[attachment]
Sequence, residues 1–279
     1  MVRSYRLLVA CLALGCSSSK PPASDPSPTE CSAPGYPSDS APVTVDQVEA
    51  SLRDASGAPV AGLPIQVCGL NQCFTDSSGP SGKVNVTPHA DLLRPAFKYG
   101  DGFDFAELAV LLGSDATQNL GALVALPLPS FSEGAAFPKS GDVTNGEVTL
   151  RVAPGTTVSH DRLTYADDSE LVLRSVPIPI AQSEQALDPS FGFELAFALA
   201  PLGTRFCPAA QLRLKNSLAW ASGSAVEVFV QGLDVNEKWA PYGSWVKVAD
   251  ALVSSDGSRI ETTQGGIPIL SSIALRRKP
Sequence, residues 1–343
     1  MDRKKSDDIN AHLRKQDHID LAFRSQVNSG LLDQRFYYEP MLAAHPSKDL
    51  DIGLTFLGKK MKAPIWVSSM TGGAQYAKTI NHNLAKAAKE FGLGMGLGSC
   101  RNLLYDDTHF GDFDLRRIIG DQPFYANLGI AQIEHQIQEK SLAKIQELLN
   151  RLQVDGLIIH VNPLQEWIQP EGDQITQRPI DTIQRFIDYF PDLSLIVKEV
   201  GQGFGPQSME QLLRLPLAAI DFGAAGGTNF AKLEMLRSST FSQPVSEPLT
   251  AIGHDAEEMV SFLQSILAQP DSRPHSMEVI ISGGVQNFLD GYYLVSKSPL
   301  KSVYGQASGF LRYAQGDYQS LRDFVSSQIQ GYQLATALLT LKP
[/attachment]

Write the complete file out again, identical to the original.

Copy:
Sequence, residues 1–279
     1  MVRSYRLLVA CLALGCSSSK PPASDPSPTE CSAPGYPSDS APVTVDQVEA
    51  SLRDASGAPV AGLPIQVCGL NQCFTDSSGP SGKVNVTPHA DLLRPAFKYG
   101  DGFDFAELAV LLGSDATQNL GALVALPLPS FSEGAAFPKS GDVTNGEVTL
   151  RVAPGTTVSH DRLTYADDSE LVLRSVPIPI AQSEQALDPS FGFELAFALA
   201  PLGTRFCPAA QLRLKNSLAW ASGSAVEVFV QGLDVNEKWA PYGSWVKVAD
   251  ALVSSDGSRI ETTQGGIPIL SSIALRRKP
Sequence, residues 1–343
     1  MDRKKSDDIN AHLRKQDHID LAFRSQVNSG LLDQRFYYEP MLAAHPSKDL
    51  DIGLTFLGKK MKAPIWVSSM TGGAQYAKTI NHNLAKAAKE FGLGMGLGSC
   101  RNLLYDDTHF GDFDLRRIIG DQPFYANLGI AQIEHQIQEK SLAKIQELLN
   151  RLQVDGLIIH VNPLQEWIQP EGDQITQRPI DTIQRFIDYF PDLSLIVKEV
   201  GQGFGPQSME QLLRLPLAAI DFGAAGGTNF AKLEMLRSST FSQPVSEPLT
   251  AIGHDAEEMV SFLQSILAQP DSRPHSMEVI ISGGVQNFLD GYYLVSKSPL
   301  KSVYGQASGF LRYAQGDYQS LRDFVSSQIQ GYQLATALLT LKP